Maplewood chiropractor bikes Natchez Trace, all 444 miles

Maplewood chiropractor Bill Madosky says maps can be dangerous. A Natchez Trace Parkway map hung in his office for years, and it finally led to a five-day bike trip on the road.

Madosky is at the southern terminus of the Natchez Trace, at the end of his ride.


Madosky, 61, has had a long-time goal to bicycle the length of the Mississippi River, which he’s been working at in pieces for 15 years. This summer he finally ticked off a large part of that goal by biking the Natchez Trace, from Nashville, Tennessee, to Natchez, Mississippi.

He said he rode the KATY trail from Clinton to St. Charles, but never anything as long as the 444-mile trip along the Mississippi, which took him five days. Other than some saddle-soreness he had no problems with the distance.

The U.S. government shutdown made the ride more challenging than he expected.

There are no stoplights or stop signs the entire route.

“All the facilities on the route were closed,” he said “I couldn’t even get water.” Fortunately Madosky’s wife and a friend provided support along the way in a van, meeting up with him three times a day. He slept in hotels off the trail in cities along the way.

Northern vs. Southern accents were also an unexpected challenge.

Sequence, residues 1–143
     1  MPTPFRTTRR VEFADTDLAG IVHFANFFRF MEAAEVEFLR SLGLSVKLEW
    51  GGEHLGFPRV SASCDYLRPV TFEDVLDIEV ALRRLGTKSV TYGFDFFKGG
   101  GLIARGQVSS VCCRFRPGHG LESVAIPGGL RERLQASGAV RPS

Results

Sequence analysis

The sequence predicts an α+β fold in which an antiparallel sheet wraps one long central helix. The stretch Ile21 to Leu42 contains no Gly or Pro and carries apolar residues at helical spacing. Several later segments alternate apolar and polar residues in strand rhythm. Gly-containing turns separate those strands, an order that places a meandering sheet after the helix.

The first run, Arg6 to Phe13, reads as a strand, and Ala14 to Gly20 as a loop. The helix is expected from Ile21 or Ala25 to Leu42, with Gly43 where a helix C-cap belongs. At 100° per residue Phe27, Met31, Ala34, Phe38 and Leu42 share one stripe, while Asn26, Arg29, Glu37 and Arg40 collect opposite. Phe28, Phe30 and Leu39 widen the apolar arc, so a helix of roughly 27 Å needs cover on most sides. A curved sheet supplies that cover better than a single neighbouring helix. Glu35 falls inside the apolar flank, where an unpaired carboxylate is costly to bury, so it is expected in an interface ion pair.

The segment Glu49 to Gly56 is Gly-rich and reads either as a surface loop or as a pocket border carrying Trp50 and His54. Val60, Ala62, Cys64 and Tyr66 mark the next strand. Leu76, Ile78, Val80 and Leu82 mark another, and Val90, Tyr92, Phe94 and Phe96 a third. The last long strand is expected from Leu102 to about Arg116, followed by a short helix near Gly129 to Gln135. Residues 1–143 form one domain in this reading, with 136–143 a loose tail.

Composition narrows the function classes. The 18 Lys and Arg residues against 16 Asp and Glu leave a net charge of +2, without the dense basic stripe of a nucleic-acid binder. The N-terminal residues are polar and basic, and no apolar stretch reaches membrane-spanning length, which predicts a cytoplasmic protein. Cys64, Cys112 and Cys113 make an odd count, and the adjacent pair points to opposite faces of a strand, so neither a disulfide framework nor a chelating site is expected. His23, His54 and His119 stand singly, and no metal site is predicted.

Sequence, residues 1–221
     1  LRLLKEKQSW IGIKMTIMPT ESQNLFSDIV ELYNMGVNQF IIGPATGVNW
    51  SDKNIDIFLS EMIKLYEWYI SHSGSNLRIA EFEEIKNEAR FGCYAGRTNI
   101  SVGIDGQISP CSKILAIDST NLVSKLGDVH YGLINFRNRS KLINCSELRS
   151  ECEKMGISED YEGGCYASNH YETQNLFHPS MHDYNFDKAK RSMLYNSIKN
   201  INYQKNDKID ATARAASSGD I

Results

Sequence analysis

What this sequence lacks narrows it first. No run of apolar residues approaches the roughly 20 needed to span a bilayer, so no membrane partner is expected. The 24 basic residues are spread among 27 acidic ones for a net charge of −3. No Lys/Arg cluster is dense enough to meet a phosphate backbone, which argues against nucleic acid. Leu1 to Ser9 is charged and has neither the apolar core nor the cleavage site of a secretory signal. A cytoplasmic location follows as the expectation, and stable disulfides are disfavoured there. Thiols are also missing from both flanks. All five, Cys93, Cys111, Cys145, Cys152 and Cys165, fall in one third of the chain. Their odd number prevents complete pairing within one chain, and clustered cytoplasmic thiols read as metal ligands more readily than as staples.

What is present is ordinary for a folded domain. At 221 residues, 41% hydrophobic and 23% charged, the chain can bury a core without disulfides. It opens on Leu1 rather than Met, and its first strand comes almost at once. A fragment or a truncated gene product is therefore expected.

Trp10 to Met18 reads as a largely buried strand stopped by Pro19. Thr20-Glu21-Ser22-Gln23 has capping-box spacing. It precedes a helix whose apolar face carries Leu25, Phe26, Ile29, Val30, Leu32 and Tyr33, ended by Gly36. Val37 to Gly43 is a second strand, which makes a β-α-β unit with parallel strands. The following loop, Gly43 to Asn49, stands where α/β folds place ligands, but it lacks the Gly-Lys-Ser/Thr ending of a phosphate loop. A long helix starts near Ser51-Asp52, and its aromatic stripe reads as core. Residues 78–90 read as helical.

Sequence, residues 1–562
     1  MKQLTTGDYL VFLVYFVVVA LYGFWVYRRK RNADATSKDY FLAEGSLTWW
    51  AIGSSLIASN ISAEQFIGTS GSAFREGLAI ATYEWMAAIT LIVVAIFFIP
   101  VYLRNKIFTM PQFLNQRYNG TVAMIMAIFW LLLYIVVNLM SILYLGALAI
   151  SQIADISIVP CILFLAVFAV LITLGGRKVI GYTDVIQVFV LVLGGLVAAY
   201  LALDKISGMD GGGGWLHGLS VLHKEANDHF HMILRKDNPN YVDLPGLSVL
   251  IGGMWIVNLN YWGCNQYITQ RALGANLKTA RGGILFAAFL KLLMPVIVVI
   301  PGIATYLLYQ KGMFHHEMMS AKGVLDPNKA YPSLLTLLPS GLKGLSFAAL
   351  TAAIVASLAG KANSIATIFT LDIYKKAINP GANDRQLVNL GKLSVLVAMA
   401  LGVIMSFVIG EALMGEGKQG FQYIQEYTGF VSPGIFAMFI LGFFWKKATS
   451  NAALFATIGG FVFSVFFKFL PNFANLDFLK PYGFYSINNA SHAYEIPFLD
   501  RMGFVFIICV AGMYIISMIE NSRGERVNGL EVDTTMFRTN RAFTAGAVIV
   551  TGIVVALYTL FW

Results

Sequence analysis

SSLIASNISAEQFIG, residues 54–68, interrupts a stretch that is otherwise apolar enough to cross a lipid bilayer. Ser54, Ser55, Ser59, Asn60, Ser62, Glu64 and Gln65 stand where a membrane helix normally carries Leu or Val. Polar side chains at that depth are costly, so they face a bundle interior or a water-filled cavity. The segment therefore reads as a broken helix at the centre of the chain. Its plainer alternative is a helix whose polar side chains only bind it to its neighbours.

Madosky loved the view of the Tennessee River as he crossed over it.

“Sometimes it takes me a couple days for my ears to hear the Southern accent,” he said. “I discovered it was as difficult for them to hear mine as it was for me to hear theirs, I’d say something and they’d go, ‘What? What?’”

He also learned that Tupelo honey doesn’t come from Tupelo, Mississippi.

“It’s the shattering of myth,” he said. “I always wanted to go to Tupelo because of the song Tupelo Honey by Van Morrison. Tupelo honey is made from tupelo trees, which don’t grow in Tupelo, MS. It grows in Georgia and Florida. Really?”

Madosky’s wife and friend met him every 30-40 miles, but other than that he was alone, which he didn’t mind. “As a kid, I rode my bike around every day. I did my best problem-solving riding by myself, and that’s continued as an adult.”

Mile marker 442 is at the northern end of the route.

He said he ate lots of peanut butter and jelly sandwiches, and added on a trip like this he didn’t have to worry about gaining weight.

The the terrain was hilly, but not much elevation difference from start to finish.

He said the last 40 miles, from Port Gibson to Natchez were “bucolic.”

“I went past old farm fields, old plantations. It just seemed timeless, it could have been 2013, or 1913 or 1813, the last five miles were a nice downhill. I was like the horse to the barn.”

Madosky’s next goal is to bike the Blue Ridge Parkway.

Comments are closed.